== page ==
What is in this article?:
- Rapeseed a good fit for North Carolina grain farmer
- Double-crop options
- Few production problems
• Sam Walton says rapeseed fits in well with other grain crops in well and looks to be a long-term part of the farming operation.
JEFF RIDDLE, shown right, and Sam Walton check seed production in a rapeseed field near Lumber Bridge, N.C.
Few production problems
Once the crop was up and growing, he says there were few production problems. “We had a really warm winter and we knew disease problems would likely be an issue in our spring crops, but still we had more of a problem with sclerotinia in our rapeseed than we expected, he says.
“Normally, we wouldn’t spray a fungicide on wheat until mid-April, but we had to spray our rapeseed in mid-March this year to deal with sclerotinia.” He applied Proline in March and in April came back with an application of Quadris.
The extra sulfur and boron, and the extra application of a fungicide and slightly higher seed costs make rapeseed a little more expensive to grow than wheat, he says.
“However, in most years, the one fungicide application will be enough and as we get more used to planting rapeseed, the seed cost will likely come down some, too,” he says.
Walton grows rapeseed on contract with Technology Crops International. Jeff Riddle, who is Grower Relations Manager for the company, says plans are to bump up rapeseed acreage in North Carolina this year to about 40,000 acres.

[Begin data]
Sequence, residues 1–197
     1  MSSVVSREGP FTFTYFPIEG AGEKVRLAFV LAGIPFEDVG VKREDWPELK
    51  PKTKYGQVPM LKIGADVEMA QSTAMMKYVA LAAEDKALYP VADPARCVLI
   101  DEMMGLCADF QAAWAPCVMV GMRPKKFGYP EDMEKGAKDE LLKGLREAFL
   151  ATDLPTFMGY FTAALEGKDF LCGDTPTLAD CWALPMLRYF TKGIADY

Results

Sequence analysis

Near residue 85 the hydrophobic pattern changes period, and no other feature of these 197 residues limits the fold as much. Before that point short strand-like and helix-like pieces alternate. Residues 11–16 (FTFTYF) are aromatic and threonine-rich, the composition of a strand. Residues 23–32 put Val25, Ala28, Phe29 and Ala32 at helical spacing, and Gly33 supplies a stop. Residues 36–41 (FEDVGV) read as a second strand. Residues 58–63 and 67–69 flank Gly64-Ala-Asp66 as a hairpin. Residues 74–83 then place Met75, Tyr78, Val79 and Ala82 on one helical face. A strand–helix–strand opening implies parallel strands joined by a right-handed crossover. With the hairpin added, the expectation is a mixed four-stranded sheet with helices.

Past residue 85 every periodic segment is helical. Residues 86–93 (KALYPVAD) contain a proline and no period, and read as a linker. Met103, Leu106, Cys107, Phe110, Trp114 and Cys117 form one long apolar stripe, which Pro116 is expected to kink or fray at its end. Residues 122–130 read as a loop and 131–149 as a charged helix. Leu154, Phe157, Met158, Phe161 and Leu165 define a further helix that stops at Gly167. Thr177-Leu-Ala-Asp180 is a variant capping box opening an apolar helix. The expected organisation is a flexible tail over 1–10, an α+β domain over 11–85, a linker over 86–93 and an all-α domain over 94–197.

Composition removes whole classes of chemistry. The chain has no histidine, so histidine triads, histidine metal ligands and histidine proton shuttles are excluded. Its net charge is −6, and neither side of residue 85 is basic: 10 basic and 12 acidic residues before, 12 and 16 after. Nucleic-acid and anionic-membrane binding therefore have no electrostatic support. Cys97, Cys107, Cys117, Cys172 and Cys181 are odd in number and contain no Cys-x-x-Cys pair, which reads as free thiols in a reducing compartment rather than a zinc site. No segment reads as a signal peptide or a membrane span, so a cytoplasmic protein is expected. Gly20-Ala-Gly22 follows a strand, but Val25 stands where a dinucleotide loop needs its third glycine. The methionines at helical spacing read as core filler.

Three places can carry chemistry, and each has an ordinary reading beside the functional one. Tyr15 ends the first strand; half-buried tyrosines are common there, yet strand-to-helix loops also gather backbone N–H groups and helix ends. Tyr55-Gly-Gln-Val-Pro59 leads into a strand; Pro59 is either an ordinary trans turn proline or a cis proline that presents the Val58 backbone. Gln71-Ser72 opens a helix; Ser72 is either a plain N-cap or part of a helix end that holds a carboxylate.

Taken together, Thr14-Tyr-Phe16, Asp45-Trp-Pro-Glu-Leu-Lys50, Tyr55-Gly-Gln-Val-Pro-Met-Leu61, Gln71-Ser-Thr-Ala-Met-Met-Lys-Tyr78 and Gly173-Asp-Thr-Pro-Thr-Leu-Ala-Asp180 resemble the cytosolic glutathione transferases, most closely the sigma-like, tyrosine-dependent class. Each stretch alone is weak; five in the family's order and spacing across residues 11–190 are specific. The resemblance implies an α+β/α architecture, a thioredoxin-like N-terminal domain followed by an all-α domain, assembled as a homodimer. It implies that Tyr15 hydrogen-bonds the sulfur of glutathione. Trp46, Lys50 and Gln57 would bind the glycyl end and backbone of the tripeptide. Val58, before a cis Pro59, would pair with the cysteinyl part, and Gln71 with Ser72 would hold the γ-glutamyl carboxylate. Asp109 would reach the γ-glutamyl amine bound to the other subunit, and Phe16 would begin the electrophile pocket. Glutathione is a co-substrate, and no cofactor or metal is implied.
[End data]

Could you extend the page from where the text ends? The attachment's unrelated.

This year the company contracted 20,000 acres, but delayed planting knocked out 3,000 or so acres. Ultimately, he says the plan is to increase production to 100,000 acres and expand into other states in the Upper Southeast.
“We already get inquiries from growers in South Carolina and Virginia about growing rapeseed, but in most cases we don’t have the storage capacity to hold the crop.
“We’ve found that’s a big challenge for growers who in most cases are planting spring crops at the time rapeseed needs to be harvested. So, we try to make harvest and delivery as easy as possible for growers,” Riddle says.
Walton says being a first time grower of the crop produces a lot of questions. “I’ve been real pleased with our arrangement with Technology Crops International. They have been there all through the process to answer questions, if not in person on the phone. For example, they found the early sclerotinia problems in other fields and gave me a heads-up to look for it, and told me what to do to manage the disease,” Walton says.
More from Southeast Farm Press